Infant Skull Fracture

Quick Answer

The soft, flexible nature of newborn babies’ skulls puts them at increased risk for skull fractures. Commonly caused by the misuse of medical instruments during delivery, babies suffering from skull fractures need careful monitoring and may face permanent physical and intellectual disability.

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What Is Infant Skull Fracture?

Unlike adults, infants have soft, flexible skulls meant to allow them to pass through the birth canal more easily. However, this flexibility can also leave infants at higher risk for skull fractures.

A newborn’s skull is made up of five major bone plates held together by tough, fibrous membranes called sutures. The places where these sutures intersect are called fontanelles, or simply soft spots. These gaps and sutures are what allows the bone plates to shift and flex during birth, but they are also areas of extreme vulnerability.

Head injuries are the most common cause of deadly trauma in children, with skull fractures present in 2-20% of cases.

Head injuries occur most commonly in children under two and can have a wide variety of causes. In newborns, instrumental delivery is one of the most common causes of skull fractures leading to traumatic brain damage.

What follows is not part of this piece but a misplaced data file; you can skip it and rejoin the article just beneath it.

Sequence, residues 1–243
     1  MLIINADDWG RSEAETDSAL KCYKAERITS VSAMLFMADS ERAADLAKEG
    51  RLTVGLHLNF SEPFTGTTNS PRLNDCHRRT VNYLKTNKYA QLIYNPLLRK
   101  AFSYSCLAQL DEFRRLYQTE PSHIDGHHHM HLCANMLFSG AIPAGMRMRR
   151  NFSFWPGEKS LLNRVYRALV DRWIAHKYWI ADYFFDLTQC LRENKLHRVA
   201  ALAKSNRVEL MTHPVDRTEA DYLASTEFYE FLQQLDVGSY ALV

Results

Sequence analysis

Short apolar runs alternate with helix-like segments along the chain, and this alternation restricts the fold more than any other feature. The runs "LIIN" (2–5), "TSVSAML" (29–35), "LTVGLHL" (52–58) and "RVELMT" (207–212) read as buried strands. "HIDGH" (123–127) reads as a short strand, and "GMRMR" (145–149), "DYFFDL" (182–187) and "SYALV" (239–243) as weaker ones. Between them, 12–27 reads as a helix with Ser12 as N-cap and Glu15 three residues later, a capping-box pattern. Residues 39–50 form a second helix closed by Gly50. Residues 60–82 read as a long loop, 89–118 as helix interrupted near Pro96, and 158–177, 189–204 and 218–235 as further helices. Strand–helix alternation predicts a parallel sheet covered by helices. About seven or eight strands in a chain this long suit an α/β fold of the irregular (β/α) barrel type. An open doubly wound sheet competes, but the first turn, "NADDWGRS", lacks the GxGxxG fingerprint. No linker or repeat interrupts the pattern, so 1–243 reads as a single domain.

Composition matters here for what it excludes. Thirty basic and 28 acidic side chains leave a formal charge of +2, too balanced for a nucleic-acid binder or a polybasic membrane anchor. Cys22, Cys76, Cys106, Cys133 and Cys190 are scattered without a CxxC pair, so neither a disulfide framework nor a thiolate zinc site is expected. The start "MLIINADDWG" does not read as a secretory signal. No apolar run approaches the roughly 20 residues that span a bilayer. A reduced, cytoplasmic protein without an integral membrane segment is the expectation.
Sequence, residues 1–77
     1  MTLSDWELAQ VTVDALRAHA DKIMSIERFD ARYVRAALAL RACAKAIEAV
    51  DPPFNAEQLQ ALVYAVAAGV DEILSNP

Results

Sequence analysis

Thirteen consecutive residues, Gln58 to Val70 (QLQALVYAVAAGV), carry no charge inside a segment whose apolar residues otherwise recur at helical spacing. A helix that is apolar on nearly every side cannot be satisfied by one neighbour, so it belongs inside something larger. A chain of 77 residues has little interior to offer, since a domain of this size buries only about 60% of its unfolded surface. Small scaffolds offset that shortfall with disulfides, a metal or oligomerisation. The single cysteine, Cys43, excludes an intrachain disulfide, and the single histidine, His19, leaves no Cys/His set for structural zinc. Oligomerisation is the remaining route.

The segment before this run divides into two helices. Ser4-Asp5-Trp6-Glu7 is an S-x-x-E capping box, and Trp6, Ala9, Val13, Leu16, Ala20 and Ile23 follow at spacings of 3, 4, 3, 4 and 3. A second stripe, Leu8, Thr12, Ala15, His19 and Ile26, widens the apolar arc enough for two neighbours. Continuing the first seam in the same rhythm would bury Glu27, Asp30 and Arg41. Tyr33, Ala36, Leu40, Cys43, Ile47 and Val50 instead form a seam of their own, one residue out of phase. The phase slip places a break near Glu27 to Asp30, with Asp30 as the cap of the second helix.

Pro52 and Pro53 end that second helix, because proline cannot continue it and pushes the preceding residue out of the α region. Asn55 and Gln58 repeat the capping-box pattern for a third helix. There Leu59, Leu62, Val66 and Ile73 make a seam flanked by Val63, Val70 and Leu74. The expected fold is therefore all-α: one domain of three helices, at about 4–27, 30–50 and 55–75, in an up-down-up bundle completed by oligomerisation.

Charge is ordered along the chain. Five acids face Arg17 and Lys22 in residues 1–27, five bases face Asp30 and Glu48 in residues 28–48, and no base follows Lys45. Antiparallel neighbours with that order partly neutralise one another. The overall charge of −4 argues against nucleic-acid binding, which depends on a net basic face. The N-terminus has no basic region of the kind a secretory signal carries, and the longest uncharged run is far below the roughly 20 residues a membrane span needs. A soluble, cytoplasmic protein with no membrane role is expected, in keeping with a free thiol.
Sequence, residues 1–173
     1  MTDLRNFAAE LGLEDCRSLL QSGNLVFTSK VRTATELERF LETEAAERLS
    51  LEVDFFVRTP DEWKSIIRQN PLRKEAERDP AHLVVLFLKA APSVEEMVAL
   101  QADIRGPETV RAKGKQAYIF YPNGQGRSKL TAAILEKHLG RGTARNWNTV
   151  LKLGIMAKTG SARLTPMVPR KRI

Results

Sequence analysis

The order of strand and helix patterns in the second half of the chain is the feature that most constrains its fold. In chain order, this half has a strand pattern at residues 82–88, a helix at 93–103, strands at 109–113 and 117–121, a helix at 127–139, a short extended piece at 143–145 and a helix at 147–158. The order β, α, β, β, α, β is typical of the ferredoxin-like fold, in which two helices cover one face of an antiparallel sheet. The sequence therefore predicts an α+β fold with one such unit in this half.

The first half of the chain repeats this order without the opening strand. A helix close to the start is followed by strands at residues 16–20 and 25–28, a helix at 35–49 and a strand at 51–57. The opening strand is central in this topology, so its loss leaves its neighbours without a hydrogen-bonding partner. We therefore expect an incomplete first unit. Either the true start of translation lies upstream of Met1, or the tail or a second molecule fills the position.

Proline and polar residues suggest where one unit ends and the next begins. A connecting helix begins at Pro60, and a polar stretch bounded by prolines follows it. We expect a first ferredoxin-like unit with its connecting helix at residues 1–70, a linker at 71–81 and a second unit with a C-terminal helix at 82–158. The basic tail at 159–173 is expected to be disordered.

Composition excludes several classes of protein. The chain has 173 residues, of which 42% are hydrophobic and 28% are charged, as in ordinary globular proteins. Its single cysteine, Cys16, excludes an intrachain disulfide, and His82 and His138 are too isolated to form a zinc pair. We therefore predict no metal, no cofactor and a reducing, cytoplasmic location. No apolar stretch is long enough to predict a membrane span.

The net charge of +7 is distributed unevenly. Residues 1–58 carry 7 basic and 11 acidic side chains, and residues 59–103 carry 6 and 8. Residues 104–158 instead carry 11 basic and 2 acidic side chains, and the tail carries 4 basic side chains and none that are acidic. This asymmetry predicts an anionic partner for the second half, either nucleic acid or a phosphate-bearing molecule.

Types of Skull Fractures

There are many different types of skull fractures, each with its own particular dangers and characteristics. However, some are more commonly seen in newborns suffering from traumatic birth injuries than others.

Common types of infant skull fractures include:

  • Depressed: Sometimes called ping-pong fractures. This type of fracture creates a depression or indentation in the skull that can put pressure on the brain. It generally requires surgical intervention to heal properly.
  • Diastatic: Diastatic fractures occur along the sutures between the bone plates. This type of fracture is common in infants because the bones have not yet fused, leaving these areas particularly vulnerable. This type of fracture has a high risk of becoming a growing skull fracture — a serious condition where the brain swells out of the skull through the fracture — and must be closely monitored.
  • Linear: The most common type of skull fracture. Linear skull fractures in infants are characterized by a straight crack in the bone that does not move the bone itself. Patients require observation but don’t usually require surgery. There is some risk of developing growing skull fractures or hematomas.

Causes of Infant Skull Fracture

When present at birth, infant skull fracture generally has its roots in trauma associated with the delivery. This trauma can have a variety of causes both natural and unnatural.

Skull fractures in infants may be caused by: